2018-06-14 / Around Town

Conversation with Braden Leonard The 'Hand Made' Journey

By Chris Allen

Braden Leonard is readying himself to go cross country on a film shoot for “Hand: Made,” which is set to be released in 2019. Braden Leonard is readying himself to go cross country on a film shoot for “Hand: Made,” which is set to be released in 2019. If you are in the mood for an inspiring story of overcoming adversity against incredible odds from someone who also uses words like “supination” and “centrifugal clutch,” look no further than Braden Leonard, a self-taught mechanical designer who is trying to speed up progress in a uniquely important field.

The 36-year-old Newport man, who lost his right hand in a 2015 biking accident in Ballard Park after contracting the flesh-eating bacteria from a puncture wound, was dissatisfied with what the modern prosthesis industry had to offer, so he summoned a do-it-yourself ethos and some CAD (computer-aided design) software and got to work.

Most recently he has been working at Autodesk Build Space, a Boston based technology laboratory to test design prototypes. Autodesk accepts start-ups on a competitive basis to use their workspace free of charge. Leonard was accepted and is in the process of building up his company, Hand Made Prosthetics

He is also in the process of putting his long journey for an adequate prosthesis onto the big screen, with the help of producer-director Rocco Michaluk.

The film, currently in production, is titled, “Hand: Made” and is in the midst of a Kickstarter fundraising campaign to finance Leonard’s cross-country journey with his father to test out his self-designed “bartender,” a riding attachment he has been developing for those who wear prosthetics and also ride bikes and/ or motorcycles.

The team hopes to raise $20,000 to finance the travel and film expenses. With a scheduled release date of summer 2019, the film aims to shine a light on an industry ripe for revolution, through the prism of one man’s journey. Leonard spoke with Newport This Week about the film, his upcoming cross-country voyage, and the state of the industry he’s working to improve.

What kind of bike will you be using for the road-test design? A Suzuki V Strom 650. My dad has one, too. So, we will have one set of spare parts. We’ll be going off the beaten path.

And you’re going to have a film crew following every mile? Not the whole time. We were planning on doing this already [before the film]. We’re going to ship [our] bikes out to Seattle and head back from there. So west to east. We’ll go for about a month. We want to hit national parks and other things.

How did you hook up with Michaluk? We’re friends. I met him a couple of years ago.

What is the biggest challenge these days for amputees who wish to be maximally active, specifically those with conditions similar to yours? It’s still a bigger problem to solve [for upper-limb amputees] from a technical standpoint, the additional complexity of attaching it to the [upper] body.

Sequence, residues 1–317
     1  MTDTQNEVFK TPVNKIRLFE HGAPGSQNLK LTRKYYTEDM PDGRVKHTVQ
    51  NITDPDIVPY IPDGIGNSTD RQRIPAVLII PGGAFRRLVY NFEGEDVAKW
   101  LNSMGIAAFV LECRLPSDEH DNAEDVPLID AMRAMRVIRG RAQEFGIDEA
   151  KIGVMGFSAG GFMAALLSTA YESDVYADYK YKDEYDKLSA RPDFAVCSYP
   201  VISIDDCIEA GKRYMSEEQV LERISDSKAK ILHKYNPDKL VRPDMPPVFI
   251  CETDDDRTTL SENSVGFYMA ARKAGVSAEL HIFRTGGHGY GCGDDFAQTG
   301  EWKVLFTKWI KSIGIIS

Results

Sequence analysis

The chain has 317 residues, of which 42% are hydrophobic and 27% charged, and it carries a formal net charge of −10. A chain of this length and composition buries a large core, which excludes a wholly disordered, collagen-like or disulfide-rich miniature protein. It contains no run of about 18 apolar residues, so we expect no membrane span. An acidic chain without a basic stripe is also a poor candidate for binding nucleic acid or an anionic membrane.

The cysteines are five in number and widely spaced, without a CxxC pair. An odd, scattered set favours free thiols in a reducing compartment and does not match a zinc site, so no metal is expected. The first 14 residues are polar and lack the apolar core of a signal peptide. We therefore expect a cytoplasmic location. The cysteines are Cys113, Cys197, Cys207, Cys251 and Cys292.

In the research we found that the upper-limb population tends to be more active. There hadn’t been a large demanding population for something that is more robust. But since the [Afghanistan and Iraq] wars, in the past 15 years, obviously there has been more investment.

Have you found that people have unrealistic ideas about prosthetics? Definitely. [Current designs] pick up muscle impulses. Every time you use a muscle there is an electrical signal associated with that. They integrate those [signals] in to the socket, [but] they are not strong enough.

How did you become involved with Autodesk Build Space? We heard about their program and we applied. We sent in some drawings and some video. Just stuff we were working on. The Boston space is centered around the AEC field [architecture, engineering and construction]. We [Hand Made Prosthetics] are sort of outside of that field. This is more like a mechanical engineering project.

What’s the Autodesk atmosphere like? Some of the staff there look at [our] stuff and bounce ideas around. It’s pretty informal. It’s definitely a collaborative environment.

Do you miss being a firefighter? They [Johnston Fire Department] are family. I go to their kids’ birthday parties. It was usually generally rewarding. There were bad days too, when [things] would not go right. Even if it was something like carrying someone’s grandmother down the stairs, you have positive effects on a day-to-day basis. That’s not there anymore, that fulfilling sense. When that’s gone it is a noticeable absence.

Have you tried to experience that sense with your current projects? That’s what I’m trying to do now. But the instant gratification is not always there. You pull somebody out of a car and save their life. In a period of an hour, a lot happens. This is a snail’s pace by comparison. You do something, and we’ll see how it goes. [You want] three months to move a project to this point and it takes a year.

How would you sum up “Hand: Made”? The trip is the main theme. It’s the perfect opportunity to test [the designs] out. It’s a major proof statement. I’m cautiously optimistic right now. That’s a lot to put on somebody, [a trip of] 3,500 miles.

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